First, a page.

Hah, yes you can have dual US/UK citizenship, and I have the passports to prove it.
 

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asdasd12345 said:
i have no desire to become an american citizen. i believe if you wanna be an american you have to stop being a citizen of whereever you are from.
I'm guessing since you don't want to become an American citizen (and from the way you wrote it I sense a bit of disdain for us) you are planning to leave the U.S. after med school. Why pay an insane amount for an education you could get much cheaper outside of the U.S.?
 

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I agree with others that it doesn't matter as long as you are a permanent resident of US. However, I should mention that at some of my interviews I was asked whether I had become a naturalized citizen. I think the point here is that med schools want their graduates to stay and eventually practice medicine in this country, which is why i think the international applicants have a much harder time.
 

lotanna

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Spitting Camel said:
Wow... Nigeria is representing on SDN! I'm just waiting for the "Any Nigerian pre-meds?" thread! Congrats on all of the acceptances, green cards, permanent residencies, interviews, etc... :laugh:

nope, I'm not Nigerian ;)
yup usually BushBaby holds it down 4 the rest of us, but yeah we're deep :laugh:
 

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asdasd12345 said:
on a different forum someone told me that having a greencard is a disadvantage because they prefer applicants to be US citizens. does anyone know if theres any truth to this?

There is a difference. Some scholarships are for citizens only. Also, all schools want proof of my greencard. Some of my interviewers asked me how I got the card (work got it for me). Also, some scholarships don't consider greencard holders african-americans and others do. I just figure I am in, so it doesn't matter.

If I didn't love Nigeria and mind upsetting my relatives, I would probably get the citizenship.
 

JohnHolmes

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asdasd12345 said:
on a different forum someone told me that having a greencard is a disadvantage because they prefer applicants to be US citizens. does anyone know if theres any truth to this?
At public schools, residency requirements differ by states and they may discriminate against permenant residents. I don't know, but if you meet the requirements for residency (differs by state, and may require US citizenship in some states) you should be ok.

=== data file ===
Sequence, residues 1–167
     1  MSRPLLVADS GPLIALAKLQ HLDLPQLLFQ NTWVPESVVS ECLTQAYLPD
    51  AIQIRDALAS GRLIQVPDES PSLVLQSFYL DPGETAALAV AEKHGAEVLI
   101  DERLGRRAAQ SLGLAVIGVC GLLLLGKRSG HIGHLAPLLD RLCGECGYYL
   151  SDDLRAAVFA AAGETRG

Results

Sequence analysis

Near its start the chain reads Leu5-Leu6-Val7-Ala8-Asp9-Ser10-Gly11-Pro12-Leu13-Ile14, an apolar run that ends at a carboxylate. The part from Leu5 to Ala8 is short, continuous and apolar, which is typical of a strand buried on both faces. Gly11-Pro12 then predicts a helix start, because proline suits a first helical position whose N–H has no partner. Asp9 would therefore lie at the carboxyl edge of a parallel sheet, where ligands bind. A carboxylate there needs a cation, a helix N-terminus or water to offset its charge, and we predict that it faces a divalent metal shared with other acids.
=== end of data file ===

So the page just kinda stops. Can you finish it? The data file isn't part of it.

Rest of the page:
JH
 

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Even if you guys are not planning to be citizens, at least try to get your green card. When residency app comes, it'll again make things easier. Competitive specialties are reluctant in admitting international students, even if they graduated from US Med schools...
 

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Oh I guess I could have used me as an example. I also have dual citizanship. When I became naturalized, they asked me if I wanted to give up my Pakistanni citizenship. So now I have two passports, one from US of A and one from Pakistan. Its great.
 

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Although i applied to medical school a few years back and i have somewhat forgotten about it, i too was a PR at the time (still am). It didn't held me down one bit during the process. The only thing that i got confused about was if i was eligable to apply to UMass but i thought to myself that i should save the headache and not apply there at all.

I was accepted to HMS, WashU, UPenn, Columbia, Yale, Tufts and Jefferson. I had a few waitlists and a couple of rejections but that is to be expected for every applicant. I am forgetting a few schools but you get the idea.

I am about to become a dual citizen also. But one doesn't have to. I have a good friend who also holds a green card and he has no interest on becoming a US citizen although he is staying here after he finishes his MD.

Even if you guys are not planning to be citizens, at least try to get your green card. When residency app comes, it'll again make things easier. Competitive specialties are reluctant in admitting international students, even if they graduated from US Med schools...